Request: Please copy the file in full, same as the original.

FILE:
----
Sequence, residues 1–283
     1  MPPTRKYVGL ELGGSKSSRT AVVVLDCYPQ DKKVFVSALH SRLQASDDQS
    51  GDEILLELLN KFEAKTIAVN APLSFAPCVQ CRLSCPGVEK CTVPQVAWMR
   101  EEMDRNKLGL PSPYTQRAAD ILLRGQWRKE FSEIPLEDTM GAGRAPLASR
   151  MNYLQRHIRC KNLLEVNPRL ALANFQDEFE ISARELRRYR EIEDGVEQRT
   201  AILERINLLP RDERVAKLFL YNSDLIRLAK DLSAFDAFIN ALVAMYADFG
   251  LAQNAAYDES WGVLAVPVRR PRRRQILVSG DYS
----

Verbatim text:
Sequence, residues 1–283
     1  MPPTRKYVGL ELGGSKSSRT AVVVLDCYPQ DKKVFVSALH SRLQASDDQS
    51  GDEILLELLN KFEAKTIAVN APLSFAPCVQ CRLSCPGVEK CTVPQVAWMR
   101  EEMDRNKLGL PSPYTQRAAD ILLRGQWRKE FSEIPLEDTM GAGRAPLASR
   151  MNYLQRHIRC KNLLEVNPRL ALANFQDEFE ISARELRRYR EIEDGVEQRT
   201  AILERINLLP RDERVAKLFL YNSDLIRLAK DLSAFDAFIN ALVAMYADFG
   251  LAQNAAYDES WGVLAVPVRR PRRRQILVSG DYS